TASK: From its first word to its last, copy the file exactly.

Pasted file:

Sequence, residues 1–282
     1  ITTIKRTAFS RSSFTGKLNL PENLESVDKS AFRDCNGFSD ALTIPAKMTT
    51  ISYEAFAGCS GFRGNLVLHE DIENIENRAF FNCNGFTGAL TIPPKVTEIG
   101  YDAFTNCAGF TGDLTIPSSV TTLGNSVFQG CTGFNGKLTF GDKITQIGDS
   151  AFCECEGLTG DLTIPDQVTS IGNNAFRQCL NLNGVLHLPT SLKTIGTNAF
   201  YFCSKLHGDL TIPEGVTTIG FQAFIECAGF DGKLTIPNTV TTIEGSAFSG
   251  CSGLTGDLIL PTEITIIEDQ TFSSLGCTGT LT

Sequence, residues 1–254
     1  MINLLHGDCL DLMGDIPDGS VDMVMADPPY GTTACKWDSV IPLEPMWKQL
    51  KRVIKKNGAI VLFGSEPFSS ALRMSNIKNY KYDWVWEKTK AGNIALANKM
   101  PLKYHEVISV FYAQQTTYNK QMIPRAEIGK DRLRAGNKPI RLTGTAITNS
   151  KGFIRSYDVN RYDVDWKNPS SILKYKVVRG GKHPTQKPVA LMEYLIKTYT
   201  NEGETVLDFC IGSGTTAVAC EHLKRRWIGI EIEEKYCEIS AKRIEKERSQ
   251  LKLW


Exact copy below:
Sequence, residues 1–282
     1  ITTIKRTAFS RSSFTGKLNL PENLESVDKS AFRDCNGFSD ALTIPAKMTT
    51  ISYEAFAGCS GFRGNLVLHE DIENIENRAF FNCNGFTGAL TIPPKVTEIG
   101  YDAFTNCAGF TGDLTIPSSV TTLGNSVFQG CTGFNGKLTF GDKITQIGDS
   151  AFCECEGLTG DLTIPDQVTS IGNNAFRQCL NLNGVLHLPT SLKTIGTNAF
   201  YFCSKLHGDL TIPEGVTTIG FQAFIECAGF DGKLTIPNTV TTIEGSAFSG
   251  CSGLTGDLIL PTEITIIEDQ TFSSLGCTGT LT

Sequence, residues 1–254
     1  MINLLHGDCL DLMGDIPDGS VDMVMADPPY GTTACKWDSV IPLEPMWKQL
    51  KRVIKKNGAI VLFGSEPFSS ALRMSNIKNY KYDWVWEKTK AGNIALANKM
   101  PLKYHEVISV FYAQQTTYNK QMIPRAEIGK DRLRAGNKPI RLTGTAITNS
   151  KGFIRSYDVN RYDVDWKNPS SILKYKVVRG GKHPTQKPVA LMEYLIKTYT
   201  NEGETVLDFC IGSGTTAVAC EHLKRRWIGI EIEEKYCEIS AKRIEKERSQ
   251  LKLW